September results are often cited by fantasy owners looking for young breakout players who flash power, speed, or both. Isolating one month’s stats can be risky due to the small sample size of any one-month performance and the roster expansion in September can lead to inflated numbers against poor competition.
Given these conditions, it’s important to take September results with a grain of salt, but that doesn’t mean they need to be entirely dismissed. Vaulting a 10th found player to the sixth round is unadvisable absent other circumstances but using September stats to take a second look at borderline fantasy relevant players is a viable use of the split. Plenty of September surgers have garnered a lot of attention this winter and spring so this article will aim to dig deeper and look at a few other September surgers who are flying under the radar.
Editor's note: Be sure to also check out our 2017 fantasy baseball rankings dashboard. It's already loaded up with tons of great rankings articles and draft analysis. Aside from our tiered staff rankings for every position, we also go deep on MLB prospect rankings, impact rookies for 2017, and dynasty/keeper rankings as well. Bookmark the page, and win your drafts.
September Surgers Bound for a Breakout
Santana was able to amass an impressive seven home runs in the last month of the season, flashing his massive power potential. His 29.2 percent HR/FB rate will jump out to most, but a more sustainable improvement was the 36.4 percent flyball rate he posted. Santana has a 27.1 percent flyball rate for his career, which holds back a hitter with a powerful swing like Santana. If he is able to maintain a 36 percent flyball rate, he won’t need a 29.2 percent HR/FB rate to challenge for a 30 home run season.
Some concerns do remain, and one is playing time. Santana enters the season as the starting right fielder for the Brewers, but the team has a lot of young outfield talent in their farm system, most notable of which is Lewis Brinson. If Santana stumbles out of the gate he could be in jeopardy of losing playing time. This concern is limited by the potential that Ryan Braun remains a trade candidate, and despite the plentiful young talent, the Brewers don’t have proven commodities in the outfield outside of Braun.
One thing that seems unlikely to improve is Santana’s propensity to strikeout. Even with his impressive performance in September, Santana’s strikeout rate remained at 29.5 percent and his swinging strike rate was higher than his rate for the entire season. This issue has a clear limiting effect on his average will hurt his fantasy value in batting average leagues. That leaves Santana mainly as a power only option but his increased fly ball rate in September makes him an interesting bat who could provide plenty of power and counting stats.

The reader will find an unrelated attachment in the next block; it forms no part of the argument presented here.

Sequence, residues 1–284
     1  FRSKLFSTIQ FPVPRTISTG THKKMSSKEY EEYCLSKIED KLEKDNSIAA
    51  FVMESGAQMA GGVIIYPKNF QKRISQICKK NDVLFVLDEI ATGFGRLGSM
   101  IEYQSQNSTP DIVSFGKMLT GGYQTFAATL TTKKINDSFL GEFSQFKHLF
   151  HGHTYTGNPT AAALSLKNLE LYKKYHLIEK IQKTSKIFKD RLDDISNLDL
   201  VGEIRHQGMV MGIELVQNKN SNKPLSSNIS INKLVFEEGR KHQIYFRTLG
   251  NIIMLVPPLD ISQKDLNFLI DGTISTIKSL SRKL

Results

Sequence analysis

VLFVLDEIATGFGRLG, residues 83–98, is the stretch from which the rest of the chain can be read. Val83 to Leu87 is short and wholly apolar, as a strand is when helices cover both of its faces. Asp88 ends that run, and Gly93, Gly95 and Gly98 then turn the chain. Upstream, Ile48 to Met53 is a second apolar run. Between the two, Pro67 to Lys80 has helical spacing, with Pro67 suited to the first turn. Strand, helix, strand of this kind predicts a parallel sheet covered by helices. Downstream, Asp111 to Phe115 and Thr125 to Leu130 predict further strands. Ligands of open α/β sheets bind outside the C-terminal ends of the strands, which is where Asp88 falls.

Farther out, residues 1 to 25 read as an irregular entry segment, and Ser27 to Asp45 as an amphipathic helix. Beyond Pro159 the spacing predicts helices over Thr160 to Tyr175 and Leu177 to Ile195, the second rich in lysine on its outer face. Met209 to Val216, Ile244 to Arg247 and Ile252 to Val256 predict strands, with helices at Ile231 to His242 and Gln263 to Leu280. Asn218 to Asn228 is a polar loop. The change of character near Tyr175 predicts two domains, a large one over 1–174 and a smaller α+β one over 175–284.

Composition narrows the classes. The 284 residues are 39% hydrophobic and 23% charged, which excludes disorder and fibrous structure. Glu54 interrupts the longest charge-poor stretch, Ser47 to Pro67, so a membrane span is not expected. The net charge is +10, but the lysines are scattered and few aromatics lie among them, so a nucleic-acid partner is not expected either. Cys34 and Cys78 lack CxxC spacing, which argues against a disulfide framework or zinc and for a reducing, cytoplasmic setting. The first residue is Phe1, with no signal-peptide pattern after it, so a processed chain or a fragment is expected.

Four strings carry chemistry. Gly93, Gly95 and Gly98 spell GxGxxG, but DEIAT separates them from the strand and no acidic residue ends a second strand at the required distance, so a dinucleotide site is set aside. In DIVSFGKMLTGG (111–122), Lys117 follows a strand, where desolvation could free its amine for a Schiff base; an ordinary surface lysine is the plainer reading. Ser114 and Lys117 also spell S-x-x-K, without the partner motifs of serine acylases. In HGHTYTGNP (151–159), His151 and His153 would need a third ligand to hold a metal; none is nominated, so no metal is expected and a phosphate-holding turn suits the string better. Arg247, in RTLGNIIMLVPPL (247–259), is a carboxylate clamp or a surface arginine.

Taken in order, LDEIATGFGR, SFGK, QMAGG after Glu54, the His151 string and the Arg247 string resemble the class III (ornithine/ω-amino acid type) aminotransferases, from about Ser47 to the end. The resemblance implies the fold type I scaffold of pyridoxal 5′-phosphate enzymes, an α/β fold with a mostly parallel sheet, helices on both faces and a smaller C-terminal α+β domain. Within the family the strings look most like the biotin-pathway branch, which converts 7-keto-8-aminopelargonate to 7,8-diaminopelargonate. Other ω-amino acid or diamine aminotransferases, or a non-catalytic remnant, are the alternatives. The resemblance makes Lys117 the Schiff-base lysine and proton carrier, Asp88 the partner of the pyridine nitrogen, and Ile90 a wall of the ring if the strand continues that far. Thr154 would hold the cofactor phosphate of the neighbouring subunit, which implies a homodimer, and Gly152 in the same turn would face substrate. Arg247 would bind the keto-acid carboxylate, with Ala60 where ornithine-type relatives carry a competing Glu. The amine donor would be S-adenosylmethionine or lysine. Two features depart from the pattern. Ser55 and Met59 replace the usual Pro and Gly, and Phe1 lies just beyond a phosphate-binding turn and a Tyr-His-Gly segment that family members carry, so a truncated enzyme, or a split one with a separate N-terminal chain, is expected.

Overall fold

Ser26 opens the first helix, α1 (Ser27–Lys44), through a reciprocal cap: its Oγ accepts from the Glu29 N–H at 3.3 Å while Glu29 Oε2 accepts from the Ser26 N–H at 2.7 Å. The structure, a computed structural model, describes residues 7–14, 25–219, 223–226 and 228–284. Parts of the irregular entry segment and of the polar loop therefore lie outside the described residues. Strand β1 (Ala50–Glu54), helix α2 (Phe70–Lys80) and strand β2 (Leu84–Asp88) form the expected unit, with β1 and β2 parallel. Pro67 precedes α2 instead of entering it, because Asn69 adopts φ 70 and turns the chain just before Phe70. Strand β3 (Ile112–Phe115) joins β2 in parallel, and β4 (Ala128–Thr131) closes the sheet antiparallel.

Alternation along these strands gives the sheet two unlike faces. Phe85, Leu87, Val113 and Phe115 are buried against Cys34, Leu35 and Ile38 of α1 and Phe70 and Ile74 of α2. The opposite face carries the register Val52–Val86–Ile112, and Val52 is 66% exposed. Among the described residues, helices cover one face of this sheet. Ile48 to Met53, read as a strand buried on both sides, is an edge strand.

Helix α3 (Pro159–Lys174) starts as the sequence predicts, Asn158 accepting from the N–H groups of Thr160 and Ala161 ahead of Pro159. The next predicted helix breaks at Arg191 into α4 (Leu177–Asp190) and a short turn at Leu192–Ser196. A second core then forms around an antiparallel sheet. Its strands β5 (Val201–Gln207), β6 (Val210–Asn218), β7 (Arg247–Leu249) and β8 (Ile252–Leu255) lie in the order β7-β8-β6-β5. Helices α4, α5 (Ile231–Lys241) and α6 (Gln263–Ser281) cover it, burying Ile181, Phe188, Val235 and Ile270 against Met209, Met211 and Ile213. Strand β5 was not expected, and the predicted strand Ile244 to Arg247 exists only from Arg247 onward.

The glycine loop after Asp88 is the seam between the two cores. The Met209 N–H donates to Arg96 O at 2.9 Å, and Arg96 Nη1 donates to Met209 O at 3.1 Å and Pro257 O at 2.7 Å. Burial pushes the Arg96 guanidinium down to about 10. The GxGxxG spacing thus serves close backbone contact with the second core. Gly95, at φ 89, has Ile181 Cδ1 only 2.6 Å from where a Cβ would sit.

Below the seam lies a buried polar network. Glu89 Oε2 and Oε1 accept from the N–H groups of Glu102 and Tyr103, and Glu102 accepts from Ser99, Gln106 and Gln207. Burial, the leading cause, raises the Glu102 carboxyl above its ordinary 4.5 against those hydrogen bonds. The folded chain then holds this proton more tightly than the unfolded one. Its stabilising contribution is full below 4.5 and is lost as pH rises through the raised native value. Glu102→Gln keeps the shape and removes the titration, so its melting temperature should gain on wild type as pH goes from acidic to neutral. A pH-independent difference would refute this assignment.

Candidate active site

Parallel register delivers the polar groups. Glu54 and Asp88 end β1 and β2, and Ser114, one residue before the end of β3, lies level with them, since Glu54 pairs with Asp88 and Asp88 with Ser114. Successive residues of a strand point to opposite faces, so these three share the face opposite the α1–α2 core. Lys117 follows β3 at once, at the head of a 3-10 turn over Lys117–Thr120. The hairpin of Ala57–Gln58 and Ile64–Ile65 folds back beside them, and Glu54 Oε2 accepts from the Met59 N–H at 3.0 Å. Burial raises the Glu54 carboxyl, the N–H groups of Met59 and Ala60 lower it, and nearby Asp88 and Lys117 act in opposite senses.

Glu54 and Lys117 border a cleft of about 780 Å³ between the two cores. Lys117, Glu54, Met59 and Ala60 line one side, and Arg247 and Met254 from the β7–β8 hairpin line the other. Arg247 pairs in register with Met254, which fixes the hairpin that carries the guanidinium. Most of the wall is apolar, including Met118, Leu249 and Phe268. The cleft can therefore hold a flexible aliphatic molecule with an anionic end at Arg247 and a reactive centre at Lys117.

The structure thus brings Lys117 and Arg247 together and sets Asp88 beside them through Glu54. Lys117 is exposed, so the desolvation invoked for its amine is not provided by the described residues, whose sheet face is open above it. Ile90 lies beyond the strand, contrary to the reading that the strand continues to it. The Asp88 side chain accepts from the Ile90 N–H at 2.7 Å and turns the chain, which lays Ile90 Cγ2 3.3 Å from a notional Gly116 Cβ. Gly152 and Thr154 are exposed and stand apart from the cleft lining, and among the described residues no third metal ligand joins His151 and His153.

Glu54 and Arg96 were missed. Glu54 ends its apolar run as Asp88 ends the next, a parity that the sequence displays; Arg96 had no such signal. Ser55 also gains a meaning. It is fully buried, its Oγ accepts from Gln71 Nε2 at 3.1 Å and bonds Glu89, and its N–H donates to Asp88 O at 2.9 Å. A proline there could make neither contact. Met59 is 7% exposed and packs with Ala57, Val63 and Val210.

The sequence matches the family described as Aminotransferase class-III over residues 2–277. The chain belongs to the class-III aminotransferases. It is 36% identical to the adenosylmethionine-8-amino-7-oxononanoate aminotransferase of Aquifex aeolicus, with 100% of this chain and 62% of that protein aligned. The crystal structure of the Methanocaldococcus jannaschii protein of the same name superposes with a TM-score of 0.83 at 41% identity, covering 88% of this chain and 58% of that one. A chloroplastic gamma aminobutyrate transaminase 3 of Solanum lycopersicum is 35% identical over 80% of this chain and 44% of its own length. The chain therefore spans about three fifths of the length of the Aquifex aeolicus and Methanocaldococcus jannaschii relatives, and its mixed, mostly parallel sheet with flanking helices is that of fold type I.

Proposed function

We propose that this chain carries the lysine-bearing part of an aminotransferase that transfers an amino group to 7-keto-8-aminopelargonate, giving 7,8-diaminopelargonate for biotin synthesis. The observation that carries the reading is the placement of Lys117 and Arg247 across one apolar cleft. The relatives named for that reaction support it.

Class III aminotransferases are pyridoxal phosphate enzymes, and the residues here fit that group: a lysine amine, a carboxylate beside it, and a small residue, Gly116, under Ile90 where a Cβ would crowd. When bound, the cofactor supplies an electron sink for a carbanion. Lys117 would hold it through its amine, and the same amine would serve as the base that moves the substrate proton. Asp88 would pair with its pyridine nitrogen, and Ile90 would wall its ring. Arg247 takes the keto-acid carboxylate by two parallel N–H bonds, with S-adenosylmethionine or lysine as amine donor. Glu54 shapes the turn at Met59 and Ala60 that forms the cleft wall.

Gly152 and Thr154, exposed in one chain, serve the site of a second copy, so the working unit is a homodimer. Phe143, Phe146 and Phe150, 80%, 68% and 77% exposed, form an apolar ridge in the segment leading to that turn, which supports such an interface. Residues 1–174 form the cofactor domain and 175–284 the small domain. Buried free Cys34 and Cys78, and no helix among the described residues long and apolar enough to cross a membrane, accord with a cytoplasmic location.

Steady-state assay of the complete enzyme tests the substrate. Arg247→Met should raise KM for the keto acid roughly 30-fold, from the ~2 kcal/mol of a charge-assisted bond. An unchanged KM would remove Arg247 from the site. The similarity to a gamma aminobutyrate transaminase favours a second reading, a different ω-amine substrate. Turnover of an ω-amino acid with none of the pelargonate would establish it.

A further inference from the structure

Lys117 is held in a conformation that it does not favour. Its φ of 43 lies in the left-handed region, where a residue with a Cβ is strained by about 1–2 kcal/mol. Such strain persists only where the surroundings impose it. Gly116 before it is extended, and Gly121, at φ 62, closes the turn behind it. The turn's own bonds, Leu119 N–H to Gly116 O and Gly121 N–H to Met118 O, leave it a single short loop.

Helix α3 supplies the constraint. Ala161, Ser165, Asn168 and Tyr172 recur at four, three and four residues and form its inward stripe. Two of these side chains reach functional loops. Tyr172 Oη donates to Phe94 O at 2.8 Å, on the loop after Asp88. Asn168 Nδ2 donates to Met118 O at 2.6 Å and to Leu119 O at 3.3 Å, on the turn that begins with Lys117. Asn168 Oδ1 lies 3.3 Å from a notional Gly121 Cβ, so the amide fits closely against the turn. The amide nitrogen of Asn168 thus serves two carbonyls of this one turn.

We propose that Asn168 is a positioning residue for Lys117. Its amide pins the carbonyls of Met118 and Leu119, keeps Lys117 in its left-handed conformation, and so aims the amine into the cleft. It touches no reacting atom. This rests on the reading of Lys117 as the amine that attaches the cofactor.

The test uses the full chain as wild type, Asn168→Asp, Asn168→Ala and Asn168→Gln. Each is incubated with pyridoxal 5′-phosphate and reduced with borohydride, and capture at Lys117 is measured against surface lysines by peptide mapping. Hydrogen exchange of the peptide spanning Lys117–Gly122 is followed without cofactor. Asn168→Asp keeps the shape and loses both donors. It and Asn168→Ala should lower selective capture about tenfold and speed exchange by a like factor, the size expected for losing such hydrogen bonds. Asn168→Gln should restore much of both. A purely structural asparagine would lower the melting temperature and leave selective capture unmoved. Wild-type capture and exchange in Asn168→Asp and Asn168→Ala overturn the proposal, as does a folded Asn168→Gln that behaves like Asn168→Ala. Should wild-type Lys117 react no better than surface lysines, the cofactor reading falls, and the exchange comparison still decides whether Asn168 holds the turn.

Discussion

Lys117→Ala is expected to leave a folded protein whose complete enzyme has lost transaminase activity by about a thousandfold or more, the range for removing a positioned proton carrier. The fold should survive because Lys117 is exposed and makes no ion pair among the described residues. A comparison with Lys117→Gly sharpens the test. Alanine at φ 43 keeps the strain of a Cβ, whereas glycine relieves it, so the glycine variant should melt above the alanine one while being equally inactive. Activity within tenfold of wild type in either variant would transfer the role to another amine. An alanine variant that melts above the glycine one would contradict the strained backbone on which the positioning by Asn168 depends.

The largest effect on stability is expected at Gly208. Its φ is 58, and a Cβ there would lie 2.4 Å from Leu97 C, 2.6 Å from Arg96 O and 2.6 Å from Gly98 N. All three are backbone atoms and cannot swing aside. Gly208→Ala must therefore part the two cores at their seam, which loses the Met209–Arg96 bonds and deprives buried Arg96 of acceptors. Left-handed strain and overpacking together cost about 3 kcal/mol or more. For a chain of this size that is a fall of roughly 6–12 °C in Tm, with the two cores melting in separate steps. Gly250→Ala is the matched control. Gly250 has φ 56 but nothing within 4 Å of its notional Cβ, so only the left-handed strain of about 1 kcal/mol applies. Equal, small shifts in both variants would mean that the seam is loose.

Drury also managed to end the season with a power surge, posting a .357 average with 22 runs, 19 RBI, and six home runs in the final month of the season. However, he and Santana have a different profile as Drury surrenders some power in favor of a more well-rounded stat-line.
Drury started the season hot with eight home runs in his first two months of the 2016 season but hit only two home runs between June, July, and August. If the season had ended in August, the narrative entering the 2017 season would have been that major league pitching figured him out. Instead, he belted six home runs and ended the season on a high note. While some of his home runs did come off some questionable pitching, Bud Norris and Carlos Estevez are examples, he also teed off against established major-league pitchers like Madison Bumgarner, Jake McGee, and Brad Hand.
This stretch not only flickered some hope for fantasy owners but it may have done enough to preserve playing time for Drury. The return of A.J. Pollock and David Peralta crowds the Diamondbacks outfield, but offseason indications are that Drury has the second base job to lose this spring. Given that, his September power surge makes it worth giving him a second look this draft season.
Kiermaier is a player known mostly for his defense and doesn’t have one carrying fantasy stat, but he can contribute in all categories. That makes him an interesting player to target this year. His September line of eight stolen bases, five home runs, 17 runs scored, and a .296 average illustrates what he is capable of bringing to a fantasy team.
While Kiermaier isn’t going to be confused with Starling Marte, Jonathan Villar or Trea Turner, he attempted nine stolen bases in September after attempting just 15 throughout the rest of the season. His efficiency was also excellent, as he was successful on eight of those nine attempts. That should mean he continues to receive a green light from the team, however, the Rays are not normally an aggressive team on the basepaths. It remains to be seen if September was an aberration or the start of a trend.
A high infield flyball rate has held Kiermaier back from maintaining a strong batting average in the past, and that wasn’t something he corrected in September. As long as he is unable to do se he will not approach a .300 average. However, thanks to his defense, we know Kiermaier will remain in the lineup every day and if things fall right he could post a 15 home run, 30 stolen base season with a .260 average.